Former Prime Minister Sir Geoffrey Palmer called for an overhaul of ACC last night during the second annual memorial lecture for Sir Michael Woodhouse, the former distinguished judge and lead author of the 1967 Woodhouse Report that led to the introduction of the accident compensation system in 1974.
Palmer told an audience at host Victoria University’s Faculty of Law that the current ACC-administered system was discriminatory and had created “a lottery” in how people were treated depending on the cause of their incapacity.
“The person laid low by cancer, a heart attack or stroke is treated much less generously than the person who suffers an accidental injury resulting in the same incapacity,” he said. “The first group is easily impoverished by the drop in income compared with the person on ACC.”
He called for discriminatory aspects of the ACC system to be eradicated and the unfinished business of what Sir Owen intended to be finally completed. Altogether, he said, only about half of the major policy recommendations in the Woodhouse Report were implemented.
“At its inception, the scheme created two classes: those who are injured who are treated more generously than those who are sick or otherwise disabled. The Woodhouse Report made clear the recommended scheme was to be a temporary order of things. Until the discrimination the present scheme creates is removed, social justice will not have been achieved,” said Palmer in his address.
He said the scheme had improved the plight of accident victims as many more people could claim and have their hardship relieved then under the pre-ACC system.
“Yet there have been persistent criticisms of ACC in recent years about how the lines are drawn, how medical issues are assessed and many changes in administration, said Palmer. “In the past few years, the decisions of ACC have become more restrictive, similar to liability insurance not social insurance, and less people oriented.”
He said the impact of the scheme on the public health system was also a significant issue due to the “encouragement it provides to private medical providers flowing from ACC paying for treatment in private hospitals and for rehabilitation in order to get people back to work”.
“ACC has challenged the public health system to a degree and assisted the development of private health providers.”
Palmer said another aim of the Woodhouse Report to make claim procedures ‘informal and simple’ and avoid a ‘drift to legalism’ had clearly not been achieved.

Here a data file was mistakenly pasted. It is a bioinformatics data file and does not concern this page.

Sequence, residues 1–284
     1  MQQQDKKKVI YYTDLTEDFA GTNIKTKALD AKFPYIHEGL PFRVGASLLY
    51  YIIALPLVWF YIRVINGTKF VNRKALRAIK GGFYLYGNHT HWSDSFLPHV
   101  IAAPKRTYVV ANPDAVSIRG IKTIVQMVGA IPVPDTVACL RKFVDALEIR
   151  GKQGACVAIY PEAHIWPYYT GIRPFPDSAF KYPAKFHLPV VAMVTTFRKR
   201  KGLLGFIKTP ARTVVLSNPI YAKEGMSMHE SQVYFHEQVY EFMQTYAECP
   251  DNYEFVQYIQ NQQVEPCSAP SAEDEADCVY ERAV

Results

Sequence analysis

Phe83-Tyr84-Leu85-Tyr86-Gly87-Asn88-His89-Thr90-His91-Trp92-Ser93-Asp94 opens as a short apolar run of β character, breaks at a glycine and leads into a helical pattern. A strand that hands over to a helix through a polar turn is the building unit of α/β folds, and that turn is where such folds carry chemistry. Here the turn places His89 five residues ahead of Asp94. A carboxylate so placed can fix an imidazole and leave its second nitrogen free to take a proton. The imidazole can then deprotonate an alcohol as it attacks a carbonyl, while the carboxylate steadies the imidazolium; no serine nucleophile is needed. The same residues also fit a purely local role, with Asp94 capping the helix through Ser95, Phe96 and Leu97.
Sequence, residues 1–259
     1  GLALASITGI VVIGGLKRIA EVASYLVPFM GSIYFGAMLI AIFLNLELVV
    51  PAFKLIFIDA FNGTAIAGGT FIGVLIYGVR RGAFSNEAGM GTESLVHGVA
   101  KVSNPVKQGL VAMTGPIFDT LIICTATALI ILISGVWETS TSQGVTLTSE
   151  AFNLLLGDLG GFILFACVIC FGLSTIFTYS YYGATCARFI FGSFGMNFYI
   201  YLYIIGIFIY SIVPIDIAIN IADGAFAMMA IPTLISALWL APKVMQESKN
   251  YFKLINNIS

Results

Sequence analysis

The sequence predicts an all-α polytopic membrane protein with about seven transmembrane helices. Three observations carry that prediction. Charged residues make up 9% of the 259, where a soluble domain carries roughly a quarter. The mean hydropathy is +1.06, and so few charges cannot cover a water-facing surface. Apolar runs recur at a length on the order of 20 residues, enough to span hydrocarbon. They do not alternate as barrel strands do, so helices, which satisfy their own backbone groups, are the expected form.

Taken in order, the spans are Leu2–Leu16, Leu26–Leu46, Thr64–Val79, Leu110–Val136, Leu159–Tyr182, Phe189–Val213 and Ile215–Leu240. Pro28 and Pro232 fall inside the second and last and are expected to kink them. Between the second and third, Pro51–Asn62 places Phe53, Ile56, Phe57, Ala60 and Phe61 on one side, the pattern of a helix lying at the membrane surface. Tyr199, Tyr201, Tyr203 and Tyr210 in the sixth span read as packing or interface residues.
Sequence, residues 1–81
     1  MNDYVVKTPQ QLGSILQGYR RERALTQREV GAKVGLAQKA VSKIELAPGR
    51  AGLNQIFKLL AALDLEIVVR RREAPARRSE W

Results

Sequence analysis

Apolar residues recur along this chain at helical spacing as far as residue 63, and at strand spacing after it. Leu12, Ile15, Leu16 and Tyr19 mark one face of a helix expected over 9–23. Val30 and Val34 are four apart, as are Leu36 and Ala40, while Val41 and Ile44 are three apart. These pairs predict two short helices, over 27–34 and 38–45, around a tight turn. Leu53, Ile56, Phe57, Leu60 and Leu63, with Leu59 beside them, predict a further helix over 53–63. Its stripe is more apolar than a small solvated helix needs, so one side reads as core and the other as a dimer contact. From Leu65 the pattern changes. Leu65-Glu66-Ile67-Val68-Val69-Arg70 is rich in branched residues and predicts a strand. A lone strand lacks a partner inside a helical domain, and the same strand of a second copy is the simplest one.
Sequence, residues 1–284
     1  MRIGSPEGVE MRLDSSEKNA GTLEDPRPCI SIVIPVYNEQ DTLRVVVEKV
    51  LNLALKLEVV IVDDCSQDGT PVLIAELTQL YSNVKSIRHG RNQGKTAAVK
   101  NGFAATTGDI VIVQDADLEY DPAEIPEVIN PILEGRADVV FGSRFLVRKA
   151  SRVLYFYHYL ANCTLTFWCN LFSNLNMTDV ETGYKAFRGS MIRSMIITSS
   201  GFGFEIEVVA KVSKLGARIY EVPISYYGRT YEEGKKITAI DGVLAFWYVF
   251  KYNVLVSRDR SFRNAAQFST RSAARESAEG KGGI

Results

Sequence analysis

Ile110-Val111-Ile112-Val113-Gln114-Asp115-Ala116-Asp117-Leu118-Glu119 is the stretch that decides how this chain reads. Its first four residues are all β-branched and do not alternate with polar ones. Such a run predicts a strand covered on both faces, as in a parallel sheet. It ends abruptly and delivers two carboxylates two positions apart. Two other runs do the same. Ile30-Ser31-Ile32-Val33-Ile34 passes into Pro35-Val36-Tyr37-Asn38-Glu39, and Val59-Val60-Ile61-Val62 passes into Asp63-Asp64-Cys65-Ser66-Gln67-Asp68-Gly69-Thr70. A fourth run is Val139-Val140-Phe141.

“The lines of demarcation that are drawn in the current legislation are technical, difficult and sometimes unfair. The problems facing claimants are formidable. The obstacles have been deliberately increased over the years,” said Palmer
“This was a scheme to do away with the need for lawyers when claiming compensation for personal injury. Now the legislation is so intricate that lawyers are often needed,” he added.
Palmer said the original Woodhouse scheme was about the social goals and social purposes of a compassionate and just society.
The reasons that the scheme was not fully implemented revolved around financial pressures and changing political priorities. A year after accident compensation was introduced the main focus of the 1974 election campaign was on the issue of superannuation.
“This development effectively removed the issue of financing an extension of the accident compensation principles to sickness and invalidity off the agenda for many years,” said Palmer. This was along with the Royal Commission on Social Security in 1972 not taking up all the recommendations of the 1967 Woodhouse Report.
In 1990 the soon-to-be-ousted Fourth Labour Government introduced the Rehabilitation and Incapacity Bill, based on a Law Commission report when Sir Owen Woodhouse was its president. The bill was designed to extend the scheme to sickness, but it was dropped with the change of government.
Sir Geoffrey said that, 50 years after the Woodhouse Report, “we do not seem to be willing to grasp the nettle and design what a rational and humane system of income support looks like. Fairness demands a policy response and one that is properly worked through. That is what the Woodhouse legacy is saying to us, if only we would listen”.
“The Woodhouse vision was admirable, the performance of the scheme that was adopted improved matters substantially for accident victims, but there is unfinished business. The future remains uncertain. We need now a fresh infusion of Woodhouse boldness and vision.”
Sir Owen Woodhouse died in 2014, aged 97. His many legal roles included President of the Court of Appeal and President of the Law Commission.